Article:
There are two types of managers: one who thinks meetings are a formality and the other who believes meetings are an opportunity. One of the best ways to nurture the relationship between leaders and team members is to regularly conduct 1:1 (one-on-one) meetings.
You don't have to come up with the questions or design the agenda for every meeting you conduct. You may have many team members under your leadership, which is precisely when a 1-on-1 meeting template comes in handy. Managers can utilize one-on-one meetings templates to ask important questions, get feedback, and make the work environment more productive and inspiring.
A 1:1 meeting — also called 1-on-1 or one-on-one — is a dedicated meeting of a manager with a team member. It's different from departmental meetings in that it's just between two people and not a group meeting.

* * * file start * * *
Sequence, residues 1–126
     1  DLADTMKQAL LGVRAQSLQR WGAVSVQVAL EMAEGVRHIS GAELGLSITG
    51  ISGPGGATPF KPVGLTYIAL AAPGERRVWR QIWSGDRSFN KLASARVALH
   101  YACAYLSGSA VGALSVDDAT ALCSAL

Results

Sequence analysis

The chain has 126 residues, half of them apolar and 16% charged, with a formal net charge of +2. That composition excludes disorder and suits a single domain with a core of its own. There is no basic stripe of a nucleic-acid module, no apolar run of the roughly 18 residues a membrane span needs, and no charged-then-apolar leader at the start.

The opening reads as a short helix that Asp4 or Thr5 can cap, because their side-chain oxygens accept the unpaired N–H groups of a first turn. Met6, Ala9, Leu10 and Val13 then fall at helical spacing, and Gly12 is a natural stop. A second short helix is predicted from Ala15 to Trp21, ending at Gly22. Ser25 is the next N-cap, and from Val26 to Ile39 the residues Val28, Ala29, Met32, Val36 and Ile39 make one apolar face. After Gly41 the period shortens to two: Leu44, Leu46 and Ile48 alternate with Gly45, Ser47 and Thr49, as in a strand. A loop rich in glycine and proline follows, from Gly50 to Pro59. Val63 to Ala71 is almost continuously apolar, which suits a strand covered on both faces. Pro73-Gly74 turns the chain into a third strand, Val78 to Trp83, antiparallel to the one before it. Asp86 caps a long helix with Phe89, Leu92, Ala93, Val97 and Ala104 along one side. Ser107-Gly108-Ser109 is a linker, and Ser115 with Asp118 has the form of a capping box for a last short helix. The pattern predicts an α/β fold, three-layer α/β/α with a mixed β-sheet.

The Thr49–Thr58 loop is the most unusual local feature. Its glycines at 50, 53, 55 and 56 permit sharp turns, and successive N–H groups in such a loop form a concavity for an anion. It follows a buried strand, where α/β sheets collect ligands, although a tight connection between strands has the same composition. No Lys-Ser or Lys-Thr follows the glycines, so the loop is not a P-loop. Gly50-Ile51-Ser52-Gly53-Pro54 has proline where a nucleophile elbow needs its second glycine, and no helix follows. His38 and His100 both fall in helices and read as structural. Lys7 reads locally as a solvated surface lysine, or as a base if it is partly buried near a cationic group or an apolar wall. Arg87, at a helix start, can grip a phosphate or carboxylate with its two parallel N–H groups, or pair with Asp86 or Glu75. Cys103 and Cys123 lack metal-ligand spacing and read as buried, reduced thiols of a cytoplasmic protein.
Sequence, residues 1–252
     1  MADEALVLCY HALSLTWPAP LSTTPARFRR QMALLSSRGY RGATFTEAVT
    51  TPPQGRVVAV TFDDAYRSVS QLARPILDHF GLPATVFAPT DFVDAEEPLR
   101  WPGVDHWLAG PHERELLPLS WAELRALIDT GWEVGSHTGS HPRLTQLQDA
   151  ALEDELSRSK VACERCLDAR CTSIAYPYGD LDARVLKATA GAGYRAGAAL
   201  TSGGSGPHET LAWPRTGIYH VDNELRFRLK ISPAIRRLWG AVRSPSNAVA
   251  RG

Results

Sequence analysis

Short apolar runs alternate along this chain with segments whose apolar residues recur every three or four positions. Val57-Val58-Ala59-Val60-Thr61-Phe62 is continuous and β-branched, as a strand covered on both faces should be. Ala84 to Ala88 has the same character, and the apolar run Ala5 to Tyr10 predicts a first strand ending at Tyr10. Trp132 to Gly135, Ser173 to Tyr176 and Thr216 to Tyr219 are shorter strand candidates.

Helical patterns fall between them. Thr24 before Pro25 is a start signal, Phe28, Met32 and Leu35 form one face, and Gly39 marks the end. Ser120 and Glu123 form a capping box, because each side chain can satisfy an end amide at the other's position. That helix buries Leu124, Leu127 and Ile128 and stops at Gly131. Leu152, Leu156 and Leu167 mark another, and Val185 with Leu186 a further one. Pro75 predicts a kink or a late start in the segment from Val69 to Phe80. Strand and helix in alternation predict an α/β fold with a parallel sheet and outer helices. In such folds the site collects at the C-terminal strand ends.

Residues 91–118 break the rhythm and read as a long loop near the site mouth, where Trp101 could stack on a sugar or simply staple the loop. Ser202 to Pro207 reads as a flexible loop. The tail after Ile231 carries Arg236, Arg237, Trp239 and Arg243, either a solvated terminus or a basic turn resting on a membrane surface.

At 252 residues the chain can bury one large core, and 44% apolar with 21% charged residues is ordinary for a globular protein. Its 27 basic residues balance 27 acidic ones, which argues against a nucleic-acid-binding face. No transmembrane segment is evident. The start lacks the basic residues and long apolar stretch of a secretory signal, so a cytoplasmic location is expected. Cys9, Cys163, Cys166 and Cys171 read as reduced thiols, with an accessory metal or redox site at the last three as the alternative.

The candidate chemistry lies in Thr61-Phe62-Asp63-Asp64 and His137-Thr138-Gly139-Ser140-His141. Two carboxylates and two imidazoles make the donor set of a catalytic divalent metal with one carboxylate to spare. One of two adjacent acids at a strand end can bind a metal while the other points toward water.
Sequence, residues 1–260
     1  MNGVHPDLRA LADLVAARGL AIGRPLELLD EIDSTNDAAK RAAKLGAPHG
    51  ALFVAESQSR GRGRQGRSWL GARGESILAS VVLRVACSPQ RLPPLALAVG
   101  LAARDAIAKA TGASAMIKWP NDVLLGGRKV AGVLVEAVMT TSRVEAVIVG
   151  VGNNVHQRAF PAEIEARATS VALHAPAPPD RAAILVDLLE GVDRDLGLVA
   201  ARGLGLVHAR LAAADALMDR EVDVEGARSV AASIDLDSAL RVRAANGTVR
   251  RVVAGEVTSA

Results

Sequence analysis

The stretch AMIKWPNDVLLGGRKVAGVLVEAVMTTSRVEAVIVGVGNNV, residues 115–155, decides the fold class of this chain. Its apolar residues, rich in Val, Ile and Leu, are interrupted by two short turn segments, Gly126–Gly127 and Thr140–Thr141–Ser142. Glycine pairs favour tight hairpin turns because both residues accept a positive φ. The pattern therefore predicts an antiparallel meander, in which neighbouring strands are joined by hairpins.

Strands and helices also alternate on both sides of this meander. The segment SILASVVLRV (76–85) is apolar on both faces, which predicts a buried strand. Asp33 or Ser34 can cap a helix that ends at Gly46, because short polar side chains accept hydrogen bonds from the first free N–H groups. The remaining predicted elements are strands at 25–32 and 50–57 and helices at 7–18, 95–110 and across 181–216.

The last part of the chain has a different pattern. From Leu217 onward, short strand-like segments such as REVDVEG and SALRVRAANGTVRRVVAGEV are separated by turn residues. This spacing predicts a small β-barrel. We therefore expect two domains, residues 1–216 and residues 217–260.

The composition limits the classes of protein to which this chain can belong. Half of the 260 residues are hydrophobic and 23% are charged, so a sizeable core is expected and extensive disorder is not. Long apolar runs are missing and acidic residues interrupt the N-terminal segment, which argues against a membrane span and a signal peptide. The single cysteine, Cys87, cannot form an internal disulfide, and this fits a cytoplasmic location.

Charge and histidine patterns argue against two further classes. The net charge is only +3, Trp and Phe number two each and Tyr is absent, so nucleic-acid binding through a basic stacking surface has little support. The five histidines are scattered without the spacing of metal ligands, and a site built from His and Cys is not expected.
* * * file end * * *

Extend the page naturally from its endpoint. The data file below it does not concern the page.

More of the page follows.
It's also different from an annual performance review, which is dedicated to evaluating an employee's performance and focuses on the numbers, with less personalized conversation. On the other hand, a one-on-one meeting may have coaching, mentoring, and listening aspects. Managers can keep these meetings weekly, monthly, or quarterly as they deem fit.
The goal of having these meetings is to communicate directly with the team members in a safe space to learn about their challenges, concerns, ideas, and opinions. Managers set a meeting agenda beforehand, listing down the questions or concerns they have to discuss with the team member. They can conduct the meeting in their office, conference room, outdoors, and even online.
The thing about 1:1 meetings is that it doesn't only benefit the employee or the manager but also benefits the organization. Using a 1:1 agenda template takes into account all parties involved, so the results benefit all.